Intel’s recent announcement that it will cease sponsoring and underwriting the prestigious Science Talent Search (which it took over from Westinghouse in 1998) is another nail in the coffin of “gifted education” in the United States.
Unlike many European and Asian countries, which are awash in academic competitions, Olympiads, and other status-laden contests that bright students (and their schools and teachers) vie to win, American K‒12 education has relatively few that anyone notices, save for the National Spelling Bee that Scripps has valiantly stuck with since 1941. But spelling bees are for middle schoolers. The big deal for high schoolers, at least those with a bent toward STEM subjects, has long been the Science Talent Search, which President George H. W. Bush called the “Super Bowl of science.”
Intel’s turnabout surprised that firm’s former CEO, Craig Barrett, and disheartened many who care about both STEM education and gifted education. It’s another sign of America’s inattention to high-ability learners, especially those from disadvantaged circumstances. That neglect is what triggered our new book, Failing Our Brightest Kids: The Global Challenge of Educating High-Ability Students. All sorts of data—from the National Assessment of Educational Progress, from research studies including the 2011 Fordham Institute report, “Do High Flyers Maintain Their Altitude? Performance Trends of Top Students” by Robert Theaker and his colleagues, and elsewhere—have shown that high achievers made lesser gains in the No Child Left Behind (NCLB) era than did low achievers. Policy efforts that raised the floor and eased the achievement gap did so at the expense of strong students, who were already nudging the ceiling. Under NCLB, schools and teachers had scant incentive to work hard with kids who were already “proficient.” And so they didn’t, especially in places full of poor and minority kids, so many of whom needed extra help to become proficient.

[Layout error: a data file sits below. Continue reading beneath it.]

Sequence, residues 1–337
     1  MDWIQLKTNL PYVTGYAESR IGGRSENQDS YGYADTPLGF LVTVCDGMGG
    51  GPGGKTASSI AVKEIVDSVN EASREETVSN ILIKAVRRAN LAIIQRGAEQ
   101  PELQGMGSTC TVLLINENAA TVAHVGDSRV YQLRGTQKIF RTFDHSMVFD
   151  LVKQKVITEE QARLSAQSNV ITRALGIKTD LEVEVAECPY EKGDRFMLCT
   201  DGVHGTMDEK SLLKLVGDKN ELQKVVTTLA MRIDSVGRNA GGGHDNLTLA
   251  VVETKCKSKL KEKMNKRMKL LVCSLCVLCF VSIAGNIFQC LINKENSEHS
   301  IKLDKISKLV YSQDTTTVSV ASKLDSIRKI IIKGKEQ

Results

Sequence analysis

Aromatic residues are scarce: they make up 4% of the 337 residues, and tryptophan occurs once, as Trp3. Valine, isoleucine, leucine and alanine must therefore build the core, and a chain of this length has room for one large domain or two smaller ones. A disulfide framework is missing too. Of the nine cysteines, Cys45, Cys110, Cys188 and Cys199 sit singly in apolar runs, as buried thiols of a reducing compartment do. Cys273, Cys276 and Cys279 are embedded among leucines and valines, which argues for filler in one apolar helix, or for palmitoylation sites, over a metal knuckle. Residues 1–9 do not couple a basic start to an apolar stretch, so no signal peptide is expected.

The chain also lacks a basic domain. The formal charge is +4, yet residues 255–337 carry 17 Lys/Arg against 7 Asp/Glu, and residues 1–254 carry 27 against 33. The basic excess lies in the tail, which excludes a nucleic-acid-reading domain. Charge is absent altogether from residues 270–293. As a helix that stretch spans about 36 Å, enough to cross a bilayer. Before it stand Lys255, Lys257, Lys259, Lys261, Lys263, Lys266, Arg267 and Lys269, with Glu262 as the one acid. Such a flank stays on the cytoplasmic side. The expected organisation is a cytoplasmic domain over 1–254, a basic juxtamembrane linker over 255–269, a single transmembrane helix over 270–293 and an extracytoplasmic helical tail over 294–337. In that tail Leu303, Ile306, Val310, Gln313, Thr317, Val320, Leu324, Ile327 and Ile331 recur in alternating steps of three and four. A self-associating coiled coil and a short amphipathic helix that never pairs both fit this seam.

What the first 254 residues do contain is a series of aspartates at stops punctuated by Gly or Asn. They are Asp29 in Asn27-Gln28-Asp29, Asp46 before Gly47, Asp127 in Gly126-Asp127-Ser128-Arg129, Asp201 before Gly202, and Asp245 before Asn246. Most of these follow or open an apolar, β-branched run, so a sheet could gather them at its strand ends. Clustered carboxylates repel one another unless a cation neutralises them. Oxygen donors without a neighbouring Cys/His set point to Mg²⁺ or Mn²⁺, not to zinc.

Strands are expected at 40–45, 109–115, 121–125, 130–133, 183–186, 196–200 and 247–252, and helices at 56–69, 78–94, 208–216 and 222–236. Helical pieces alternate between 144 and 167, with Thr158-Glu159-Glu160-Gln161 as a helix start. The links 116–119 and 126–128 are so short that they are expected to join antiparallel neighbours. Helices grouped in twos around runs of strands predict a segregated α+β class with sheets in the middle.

At the same time, data from international measures such as the Program for International Student Assessment (PISA) and the Trends in International Mathematics and Science Study (TIMSS) make painfully clear that the U.S. isn’t propelling nearly as many of its young people into the ranks of high scorers as are competitor nations—not just the “Asian tigers” but also a number of European countries. Canada, too (see Figure 1). Although we fare better in the early grades, by the time kids are 15 (when PISA tests them), our high-end results are anything but high.
America does an especially bad job of getting poor kids into the high-scoring ranks. The Organisation for Economic Co-operation and Development reports PISA results by socioeconomic quartiles (linked to parent occupation and education, family wealth, home educational resources, and more). This “ESCS” index is controversial, yet the data shown in Figure 2 are instructive—and depressing. Of the 12 countries we studied, the U.S surpasses only Hungary in getting lowest-quartile youngsters into the top-scoring ranks. Less than 3 percent of American students in the bottom ESCS quartile reach PISA’s top tiers in math, yet 21 percent of disadvantaged Singaporeans achieve this. And when we compare these kids to those from the top quartile, we see that a high-ESCS test-taker in the U.S. is eight times likelier than a low-ESCS student to be a top scorer in math. In Canada that ratio is four to one, in Korea and Finland three to one. (Comparisons based on parents’ education show very similar gaps.)